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Exit Planning – It’s Not What You Think

As we get ready to close the door on 2016, many business and investment analysts believe that over the next 8-10 years, an excess of $10 trillion dollars of wealth could be transferred as the baby boomer crowd look to retire, sell off their companies, and exit the everyday working world.  As a CFO consultant – one of my main duties is to be a true business partner to my clients throughout the life cycle of their business, and not only help my client’s companies grow, but help them think about the end game of their business.  Because wishing for a good price when selling your business is NOT a good exit strategy!

Much like a baseball manager determines when use his pitchers throughout a game (does he bring in his middle relief pitcher in the 7th inning when the bases are loaded, or go to the ace closer early knowing he might not be available in the 9th?), or a football coach who must make a decision about a coin toss at the start of the game (which way is the wind going to be blowing in the 4th quarter if I need a field goal to win the game) – business owners should think early and often about what will happen to their company at the end of their working life.  Years and decades can slip by quickly as you work to grow your business, and waiting until retirement age to think about the end game of your involvement in a company can impact its price, sustainability and legacy.  Questions about the future should be asked not only for long term goals, but can often be used as a means of growing the business in the first place!  And keep in mind your decisions impact not only you and your family, but your employees and their families too.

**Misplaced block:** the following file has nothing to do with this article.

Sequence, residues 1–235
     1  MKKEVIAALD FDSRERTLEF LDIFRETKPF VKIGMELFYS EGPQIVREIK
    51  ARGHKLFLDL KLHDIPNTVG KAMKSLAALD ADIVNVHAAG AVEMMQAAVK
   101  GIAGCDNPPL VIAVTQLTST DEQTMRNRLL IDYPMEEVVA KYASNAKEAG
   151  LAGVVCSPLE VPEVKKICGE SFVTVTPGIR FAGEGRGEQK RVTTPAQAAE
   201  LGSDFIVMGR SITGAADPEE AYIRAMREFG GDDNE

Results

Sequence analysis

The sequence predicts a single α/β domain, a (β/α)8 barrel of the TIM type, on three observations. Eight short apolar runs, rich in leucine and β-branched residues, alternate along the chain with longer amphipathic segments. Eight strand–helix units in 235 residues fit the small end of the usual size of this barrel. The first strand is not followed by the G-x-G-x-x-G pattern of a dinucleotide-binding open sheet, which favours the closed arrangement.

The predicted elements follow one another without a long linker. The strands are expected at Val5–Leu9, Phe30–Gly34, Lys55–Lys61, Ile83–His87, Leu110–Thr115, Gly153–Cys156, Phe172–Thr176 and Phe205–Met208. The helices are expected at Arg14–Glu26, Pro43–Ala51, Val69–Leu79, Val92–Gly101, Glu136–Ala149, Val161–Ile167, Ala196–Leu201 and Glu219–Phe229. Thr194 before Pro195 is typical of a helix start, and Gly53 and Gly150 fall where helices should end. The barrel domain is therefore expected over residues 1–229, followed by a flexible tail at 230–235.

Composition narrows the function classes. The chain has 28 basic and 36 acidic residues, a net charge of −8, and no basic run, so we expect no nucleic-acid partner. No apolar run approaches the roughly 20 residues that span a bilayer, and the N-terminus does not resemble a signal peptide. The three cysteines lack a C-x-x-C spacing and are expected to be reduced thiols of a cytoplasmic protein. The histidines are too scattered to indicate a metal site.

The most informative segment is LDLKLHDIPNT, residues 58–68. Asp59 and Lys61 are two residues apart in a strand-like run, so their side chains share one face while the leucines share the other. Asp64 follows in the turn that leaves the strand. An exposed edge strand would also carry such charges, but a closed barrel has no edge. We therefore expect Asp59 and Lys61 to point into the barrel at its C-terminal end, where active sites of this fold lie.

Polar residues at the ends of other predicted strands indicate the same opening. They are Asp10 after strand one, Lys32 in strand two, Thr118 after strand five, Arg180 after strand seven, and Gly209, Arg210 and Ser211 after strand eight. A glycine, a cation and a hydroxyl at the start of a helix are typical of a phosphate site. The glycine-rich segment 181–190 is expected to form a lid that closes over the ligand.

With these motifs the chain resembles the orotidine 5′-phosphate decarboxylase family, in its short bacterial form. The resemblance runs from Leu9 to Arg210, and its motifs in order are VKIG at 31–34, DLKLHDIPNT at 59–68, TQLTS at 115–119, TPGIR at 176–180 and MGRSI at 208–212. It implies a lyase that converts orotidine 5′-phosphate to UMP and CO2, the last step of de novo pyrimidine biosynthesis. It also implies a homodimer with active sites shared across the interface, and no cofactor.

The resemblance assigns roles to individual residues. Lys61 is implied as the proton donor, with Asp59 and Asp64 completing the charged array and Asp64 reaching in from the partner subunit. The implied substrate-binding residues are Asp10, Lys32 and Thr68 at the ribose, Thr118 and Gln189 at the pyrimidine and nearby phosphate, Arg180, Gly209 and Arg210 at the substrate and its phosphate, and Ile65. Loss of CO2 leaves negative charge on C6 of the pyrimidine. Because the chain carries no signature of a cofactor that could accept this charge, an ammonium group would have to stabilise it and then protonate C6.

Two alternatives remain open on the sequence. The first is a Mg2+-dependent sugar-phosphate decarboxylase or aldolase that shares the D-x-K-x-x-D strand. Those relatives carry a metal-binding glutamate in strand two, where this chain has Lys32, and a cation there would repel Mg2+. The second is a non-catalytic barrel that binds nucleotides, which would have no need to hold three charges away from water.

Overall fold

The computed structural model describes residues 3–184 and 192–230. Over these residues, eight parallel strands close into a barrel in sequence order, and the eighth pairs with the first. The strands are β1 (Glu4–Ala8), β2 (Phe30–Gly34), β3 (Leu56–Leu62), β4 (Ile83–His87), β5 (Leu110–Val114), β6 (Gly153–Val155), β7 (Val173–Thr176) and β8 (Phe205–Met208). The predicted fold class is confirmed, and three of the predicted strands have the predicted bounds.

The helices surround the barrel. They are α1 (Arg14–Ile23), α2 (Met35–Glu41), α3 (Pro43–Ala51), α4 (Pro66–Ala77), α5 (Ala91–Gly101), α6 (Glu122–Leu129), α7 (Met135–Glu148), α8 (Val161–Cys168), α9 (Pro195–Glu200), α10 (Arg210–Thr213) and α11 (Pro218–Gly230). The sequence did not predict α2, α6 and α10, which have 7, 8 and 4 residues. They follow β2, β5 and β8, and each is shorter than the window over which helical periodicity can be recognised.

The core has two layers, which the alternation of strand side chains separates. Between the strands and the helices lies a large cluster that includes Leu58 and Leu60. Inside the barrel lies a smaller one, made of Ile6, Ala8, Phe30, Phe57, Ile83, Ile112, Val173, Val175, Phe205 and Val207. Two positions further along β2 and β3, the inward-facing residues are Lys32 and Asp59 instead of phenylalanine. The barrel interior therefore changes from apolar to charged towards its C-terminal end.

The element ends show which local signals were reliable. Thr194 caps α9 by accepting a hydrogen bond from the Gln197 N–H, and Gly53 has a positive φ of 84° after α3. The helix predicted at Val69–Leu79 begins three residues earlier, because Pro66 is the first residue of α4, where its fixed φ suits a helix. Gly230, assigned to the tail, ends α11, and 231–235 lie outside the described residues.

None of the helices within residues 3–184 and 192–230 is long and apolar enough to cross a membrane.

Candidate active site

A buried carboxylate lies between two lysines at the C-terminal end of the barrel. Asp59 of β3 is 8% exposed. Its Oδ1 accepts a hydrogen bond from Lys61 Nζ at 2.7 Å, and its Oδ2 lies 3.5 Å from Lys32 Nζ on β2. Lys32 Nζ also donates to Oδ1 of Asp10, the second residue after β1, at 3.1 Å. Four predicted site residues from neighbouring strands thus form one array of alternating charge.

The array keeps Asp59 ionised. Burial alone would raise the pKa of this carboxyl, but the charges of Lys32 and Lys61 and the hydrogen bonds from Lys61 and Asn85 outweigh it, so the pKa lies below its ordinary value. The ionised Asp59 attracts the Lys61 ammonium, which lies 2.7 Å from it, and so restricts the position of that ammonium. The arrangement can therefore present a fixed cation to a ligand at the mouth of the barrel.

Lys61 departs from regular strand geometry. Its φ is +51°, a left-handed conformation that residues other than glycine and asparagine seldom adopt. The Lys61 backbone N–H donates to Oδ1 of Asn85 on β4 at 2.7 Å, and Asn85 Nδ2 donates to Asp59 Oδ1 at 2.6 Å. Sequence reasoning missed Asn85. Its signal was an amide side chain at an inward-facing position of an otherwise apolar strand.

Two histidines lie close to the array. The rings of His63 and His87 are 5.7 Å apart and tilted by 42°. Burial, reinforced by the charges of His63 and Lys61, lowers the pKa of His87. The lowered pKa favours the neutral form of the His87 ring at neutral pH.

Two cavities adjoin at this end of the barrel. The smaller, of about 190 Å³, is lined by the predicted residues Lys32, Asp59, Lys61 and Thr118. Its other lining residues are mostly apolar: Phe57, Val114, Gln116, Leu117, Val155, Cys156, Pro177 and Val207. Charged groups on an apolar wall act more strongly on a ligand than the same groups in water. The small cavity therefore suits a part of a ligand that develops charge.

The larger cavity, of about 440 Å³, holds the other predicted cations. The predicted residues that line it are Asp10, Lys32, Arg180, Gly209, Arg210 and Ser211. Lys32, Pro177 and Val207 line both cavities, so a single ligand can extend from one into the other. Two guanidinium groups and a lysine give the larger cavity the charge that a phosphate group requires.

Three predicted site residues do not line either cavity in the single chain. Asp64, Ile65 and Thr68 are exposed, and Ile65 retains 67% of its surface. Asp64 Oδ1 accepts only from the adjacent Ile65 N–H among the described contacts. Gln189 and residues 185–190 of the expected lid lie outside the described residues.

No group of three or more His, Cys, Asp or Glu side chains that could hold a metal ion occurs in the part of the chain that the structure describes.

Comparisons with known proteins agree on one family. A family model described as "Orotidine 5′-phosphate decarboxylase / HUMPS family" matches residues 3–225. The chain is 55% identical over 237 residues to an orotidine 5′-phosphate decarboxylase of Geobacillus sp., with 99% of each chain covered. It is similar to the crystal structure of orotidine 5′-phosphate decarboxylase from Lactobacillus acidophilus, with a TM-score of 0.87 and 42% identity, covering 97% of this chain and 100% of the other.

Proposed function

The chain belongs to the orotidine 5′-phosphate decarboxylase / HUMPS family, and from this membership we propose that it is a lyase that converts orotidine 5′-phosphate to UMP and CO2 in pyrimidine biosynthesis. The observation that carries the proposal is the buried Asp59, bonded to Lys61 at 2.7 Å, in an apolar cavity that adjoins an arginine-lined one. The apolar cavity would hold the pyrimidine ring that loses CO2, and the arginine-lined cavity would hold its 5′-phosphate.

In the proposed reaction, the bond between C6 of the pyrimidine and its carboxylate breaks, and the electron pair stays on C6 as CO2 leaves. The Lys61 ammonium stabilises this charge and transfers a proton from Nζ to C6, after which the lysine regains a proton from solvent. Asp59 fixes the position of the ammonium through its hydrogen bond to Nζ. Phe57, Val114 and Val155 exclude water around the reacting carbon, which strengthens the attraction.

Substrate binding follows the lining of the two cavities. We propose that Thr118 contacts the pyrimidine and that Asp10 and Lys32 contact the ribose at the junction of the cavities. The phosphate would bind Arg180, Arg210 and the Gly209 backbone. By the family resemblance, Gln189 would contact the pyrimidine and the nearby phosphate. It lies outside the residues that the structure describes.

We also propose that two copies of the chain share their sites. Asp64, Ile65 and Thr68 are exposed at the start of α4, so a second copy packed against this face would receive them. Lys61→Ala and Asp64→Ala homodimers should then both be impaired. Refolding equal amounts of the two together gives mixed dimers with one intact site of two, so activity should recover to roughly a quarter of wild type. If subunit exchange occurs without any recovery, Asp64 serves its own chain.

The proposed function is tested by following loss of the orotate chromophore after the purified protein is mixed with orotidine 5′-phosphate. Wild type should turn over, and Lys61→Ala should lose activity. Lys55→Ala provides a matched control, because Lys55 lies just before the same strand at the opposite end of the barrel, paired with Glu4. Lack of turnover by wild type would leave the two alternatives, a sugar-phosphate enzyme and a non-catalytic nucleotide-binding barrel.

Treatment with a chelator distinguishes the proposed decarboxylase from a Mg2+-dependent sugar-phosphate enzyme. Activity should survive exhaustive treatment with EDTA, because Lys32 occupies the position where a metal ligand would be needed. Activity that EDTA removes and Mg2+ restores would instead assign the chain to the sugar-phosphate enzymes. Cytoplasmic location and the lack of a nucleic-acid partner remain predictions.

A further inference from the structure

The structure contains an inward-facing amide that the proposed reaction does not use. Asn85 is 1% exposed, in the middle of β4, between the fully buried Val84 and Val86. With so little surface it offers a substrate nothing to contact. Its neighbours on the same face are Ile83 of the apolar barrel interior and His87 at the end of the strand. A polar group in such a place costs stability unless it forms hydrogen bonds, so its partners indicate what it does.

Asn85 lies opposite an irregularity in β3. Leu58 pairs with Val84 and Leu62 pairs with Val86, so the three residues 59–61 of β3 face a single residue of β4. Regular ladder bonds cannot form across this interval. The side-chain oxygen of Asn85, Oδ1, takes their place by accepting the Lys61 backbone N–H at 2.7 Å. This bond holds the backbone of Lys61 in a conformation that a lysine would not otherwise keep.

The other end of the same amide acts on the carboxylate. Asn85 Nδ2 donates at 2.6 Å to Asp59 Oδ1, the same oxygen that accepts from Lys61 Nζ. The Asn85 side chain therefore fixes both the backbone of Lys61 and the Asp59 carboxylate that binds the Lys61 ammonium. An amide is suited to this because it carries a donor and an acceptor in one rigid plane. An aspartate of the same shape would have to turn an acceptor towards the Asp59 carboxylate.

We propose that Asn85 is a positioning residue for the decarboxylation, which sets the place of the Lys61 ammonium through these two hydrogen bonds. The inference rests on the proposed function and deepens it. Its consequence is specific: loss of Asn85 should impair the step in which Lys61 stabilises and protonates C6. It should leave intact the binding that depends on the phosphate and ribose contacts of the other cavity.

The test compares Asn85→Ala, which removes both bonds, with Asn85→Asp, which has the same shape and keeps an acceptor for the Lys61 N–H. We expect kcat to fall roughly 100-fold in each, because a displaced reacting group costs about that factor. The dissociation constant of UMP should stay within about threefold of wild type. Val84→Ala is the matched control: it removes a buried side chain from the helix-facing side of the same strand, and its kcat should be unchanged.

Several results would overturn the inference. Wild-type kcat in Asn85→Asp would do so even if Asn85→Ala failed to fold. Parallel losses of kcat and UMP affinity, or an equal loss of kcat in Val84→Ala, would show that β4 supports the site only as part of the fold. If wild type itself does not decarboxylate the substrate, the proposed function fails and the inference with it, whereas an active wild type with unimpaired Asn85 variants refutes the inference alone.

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The question is then, what makes a good exit strategy, and how do you to create one?  Oddly enough, what make a good game plan to grow your company, makes for a good strategy to exit your company.  It’s a business decision after all.  Nearly half of all company exits are not voluntary.  Often called the 5 D’s, (death, disability, divorce, distress of the business, and disagreements among partners), these factors can arise suddenly, and lay waste to decades of hard work. So with that in mind – here a few things to keep in mind that will work to grow your business, while helping you prepare for a positive financial exit:

Build a business that is transferable – Focus on creating overall enterprise value, don’t just focus on the top line or income.  Do you have recurring, repeatable income?

Understand your market – What is the marketplace look like from my company?  Do you have a unique product or niche that no one else has?

Plan for your succession – If you run a family business, does my company stay in the family, and if so, who takes over? If you’re not a family business, Have you created a strong management team? Are there documented policies and procedures in place, and can the company carry on if you step back?

Demonstrate sustainable growth year over year – It’s been said that only 30% of all family businesses make it to the second generation. So, while it helps to have grown in leaps and bounds, slow and steady is just as good, especially if it’s a family business.  You want to create a legacy!

It’s important to have clean financials – Are your books in order?  Are you using your company to pay all your household bills?  Can you tell the true value of your company?  Have you filed your taxes?  And can someone read and understand the story of your company from the numbers?

In summary, thinking about the endgame of your company is not something that can be solved with hope and a prayer, but rather a business strategy that should be developed, analyzed and evaluated throughout the life cycle of your business.  Being prepared is more than just a motto the Boy Scout’s live by, it can help you prepare for your financial future!

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